It is perfectly possible for an establishment to remain open all seven days, as long as each worker gets a day off
This is an old chestnut, but I want to use the peg to make a different point. How and why did Sunday become a holiday in India? The best answer is the DoPT response (in 2012) to a RTI filed in Jammu by Raman Sharma, asking the same question. Sunday has never directly been declared a holiday, not officially. At least, DoPT said, “There is no information regarding declaration of Sunday as holiday.” However, in 1985, DoPT issued an order. “The Government of India are pleased to introduce 5-day week in the civil administration offices of the Government of India with effect from 3rd June, 1985. Such Government offices would now work for five days a week from Monday to Friday, with all Saturdays as closed.” By implication, Sunday would be a holiday. The complete answer, as with many of our labour laws, lies in the labour movement and factory legislation, replicated in India after such legislation was passed in Britain. We may now be familiar with the Factories Act of 1948. Here is a quote from a piece Raja Kulkarni wrote in Economic Weekly in June 1949 on this new legislation.
“The first Factory Act passed by the Indian Government in 1881 was enacted, as is well known, at the instance of the Lancashire mill-owners who brought pressure upon the Government to fight the menace of competition from the Indian Mills who could produce at cheap rates because of cheap labour, lack of stay (sic) regulation of working hours or restriction on the employment of women and children, etc. The Lancashire mill-owners were interested in getting the hours of work and employment of women and children regulated in order to enhance the cost of production of the Indian mills which had become their competitors.” This is a slightly different take from the standard one of protecting worker rights. That 1881 Act was replaced by a second Factory Act in 1891, after Bombay Factory Commission of 1884 and Factory Labour Commission of 1890. The Sunday holiday story has to do with these two Commissions. You may mention the explanation of “public holiday” in the Negotiable Instruments Act, which mentions Sunday. But remember the Negotiable Instruments Act is also from 1881.
Before the Factory Commission, the manager of the Empress Mill testified in 1884, “My own opinion is that mills should close every Sunday and give the hands a rest, but when a native holiday occurs then I would work on the Sunday.” The manager of the Sewlal Motilal Spinning Mill testified, “I would not give holidays on Sundays always, but if a native holiday came during the week I would work on the following Sunday…The operatives would object to have their holidays fixed for any special day by law; they would prefer their own holidays to Sundays.” There is more such evidence from others. Through the Mill Owners’ Association, mill-owners didn’t object to a weekly holiday and Narayan Meghaji Lokhande had a role to play in this through the trade union movement. Lokhande is credited with having helped improved working conditions of mill-workers. That’s true. He is also given credit for the Sunday holiday. If a distinction is drawn between a weekly holiday and that day being necessarily Sunday, I haven’t found any evidence to establish that proposition as true.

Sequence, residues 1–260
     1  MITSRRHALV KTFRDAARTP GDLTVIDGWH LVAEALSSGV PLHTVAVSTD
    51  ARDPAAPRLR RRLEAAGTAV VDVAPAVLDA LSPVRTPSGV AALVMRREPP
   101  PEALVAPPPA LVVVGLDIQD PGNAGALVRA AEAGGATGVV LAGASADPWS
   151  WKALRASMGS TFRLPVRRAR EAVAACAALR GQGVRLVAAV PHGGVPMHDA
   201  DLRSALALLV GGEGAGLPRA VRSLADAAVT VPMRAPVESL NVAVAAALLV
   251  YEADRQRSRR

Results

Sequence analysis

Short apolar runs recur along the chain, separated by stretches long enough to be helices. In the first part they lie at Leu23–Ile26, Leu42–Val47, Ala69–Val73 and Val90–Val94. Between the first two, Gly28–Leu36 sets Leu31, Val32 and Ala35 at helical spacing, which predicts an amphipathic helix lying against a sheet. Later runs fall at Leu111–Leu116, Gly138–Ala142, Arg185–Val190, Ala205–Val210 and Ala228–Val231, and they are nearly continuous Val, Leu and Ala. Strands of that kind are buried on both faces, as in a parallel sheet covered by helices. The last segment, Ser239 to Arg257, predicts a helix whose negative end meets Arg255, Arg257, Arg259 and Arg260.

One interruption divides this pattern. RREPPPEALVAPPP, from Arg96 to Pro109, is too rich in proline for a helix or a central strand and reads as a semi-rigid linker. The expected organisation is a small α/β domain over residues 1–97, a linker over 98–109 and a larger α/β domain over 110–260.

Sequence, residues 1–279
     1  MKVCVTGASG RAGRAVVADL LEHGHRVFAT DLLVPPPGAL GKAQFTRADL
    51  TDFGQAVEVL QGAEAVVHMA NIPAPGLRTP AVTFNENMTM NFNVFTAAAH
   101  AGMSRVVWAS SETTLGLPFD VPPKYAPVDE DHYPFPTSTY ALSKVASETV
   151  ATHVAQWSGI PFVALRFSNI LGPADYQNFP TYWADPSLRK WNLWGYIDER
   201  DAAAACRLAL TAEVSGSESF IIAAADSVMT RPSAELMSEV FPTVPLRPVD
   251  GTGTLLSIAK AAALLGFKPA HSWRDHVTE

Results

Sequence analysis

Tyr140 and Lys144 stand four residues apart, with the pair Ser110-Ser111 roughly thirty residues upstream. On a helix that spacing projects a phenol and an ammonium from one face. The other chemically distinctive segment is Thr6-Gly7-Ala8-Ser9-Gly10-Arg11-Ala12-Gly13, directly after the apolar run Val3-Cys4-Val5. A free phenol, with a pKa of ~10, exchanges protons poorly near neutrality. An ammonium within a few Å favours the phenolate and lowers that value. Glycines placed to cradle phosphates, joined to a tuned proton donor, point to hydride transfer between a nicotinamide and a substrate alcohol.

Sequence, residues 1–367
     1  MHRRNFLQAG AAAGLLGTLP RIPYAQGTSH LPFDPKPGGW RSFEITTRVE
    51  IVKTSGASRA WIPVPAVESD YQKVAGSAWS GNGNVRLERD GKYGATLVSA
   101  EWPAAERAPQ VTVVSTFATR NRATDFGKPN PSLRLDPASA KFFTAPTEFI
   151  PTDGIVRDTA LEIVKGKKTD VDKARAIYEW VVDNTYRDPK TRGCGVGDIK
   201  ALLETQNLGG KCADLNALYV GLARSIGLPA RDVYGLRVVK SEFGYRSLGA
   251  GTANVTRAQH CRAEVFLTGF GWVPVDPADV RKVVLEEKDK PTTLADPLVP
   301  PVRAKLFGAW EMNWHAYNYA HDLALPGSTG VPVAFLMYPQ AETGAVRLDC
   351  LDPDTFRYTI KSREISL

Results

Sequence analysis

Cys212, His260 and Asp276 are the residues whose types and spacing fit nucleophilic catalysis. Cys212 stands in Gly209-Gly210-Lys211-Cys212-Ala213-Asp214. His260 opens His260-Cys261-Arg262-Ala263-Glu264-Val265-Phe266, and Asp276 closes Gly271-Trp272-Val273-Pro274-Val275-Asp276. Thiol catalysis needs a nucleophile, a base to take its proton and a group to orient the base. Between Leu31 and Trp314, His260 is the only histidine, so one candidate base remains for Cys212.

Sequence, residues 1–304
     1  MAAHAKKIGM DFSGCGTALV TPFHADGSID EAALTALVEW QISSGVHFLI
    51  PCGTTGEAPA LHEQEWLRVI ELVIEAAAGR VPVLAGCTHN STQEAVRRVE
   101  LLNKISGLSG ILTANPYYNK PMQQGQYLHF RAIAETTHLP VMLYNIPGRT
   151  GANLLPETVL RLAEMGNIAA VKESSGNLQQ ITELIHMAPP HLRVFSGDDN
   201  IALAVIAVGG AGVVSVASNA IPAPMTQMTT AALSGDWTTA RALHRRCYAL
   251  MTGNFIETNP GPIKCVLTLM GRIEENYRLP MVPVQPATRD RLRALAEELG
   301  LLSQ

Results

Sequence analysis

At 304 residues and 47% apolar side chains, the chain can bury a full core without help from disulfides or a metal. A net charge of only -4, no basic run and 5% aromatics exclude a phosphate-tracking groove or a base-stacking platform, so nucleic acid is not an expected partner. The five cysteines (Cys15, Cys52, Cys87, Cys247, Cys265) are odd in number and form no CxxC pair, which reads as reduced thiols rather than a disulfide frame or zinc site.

The Commission concluded the following. “If one day of rest in seven is granted, the operatives in all the Provinces visited by us desire that it shall be one fixed day in the week, that all the factories shall be closed on the same day, and that the law shall fix Sunday as the day of rest. We observe that in the Bill before the Legislative Council, no mention is made of Sunday, and we suppose that a reference to a Sunday holiday was omitted in consideration of the fact that that intentions of the British Government might be mistaken in appointing the Christian Sabbath as the day of rest. After a careful enquiry on this point from all the operatives we have examined, we have come to the conclusion that they ask that Sunday should be the day fixed for the holiday, because it is the most convenient day for meeting their friends who are employed in other mercantile establishments and Government offices, where a Sunday holiday, has always been the rule.” There are shops and establishments outside the purview of factory-related labour legislation. These have to be closed on one day of the week, but that doesn’t have to be Sunday. In Delhi for instance, “different days may be specified for different classes of shops or commercial establishments or for different areas”. I don’t see why this flexibility shouldn’t be extended across the board, getting away from the Sunday syndrome.
Indeed, there is a difference between an establishment mandatorily remaining closed on a fixed day of the week and each individual worker getting a day off once a week. It is perfectly possible for an establishment to remain open all seven days, as long as each worker gets a day off. This is a matter of choice by the establishment. Why must law mandate this? Unfortunately, that equation exists in shops and establishments legislation. De facto, it also exists in the Weekly Holidays Act of 1942. As long as there is a weekly holiday for a worker, any establishment should have the 24X7 option. We should get away from factory mindsets.
The author is member, NITI Aayog. Views are personal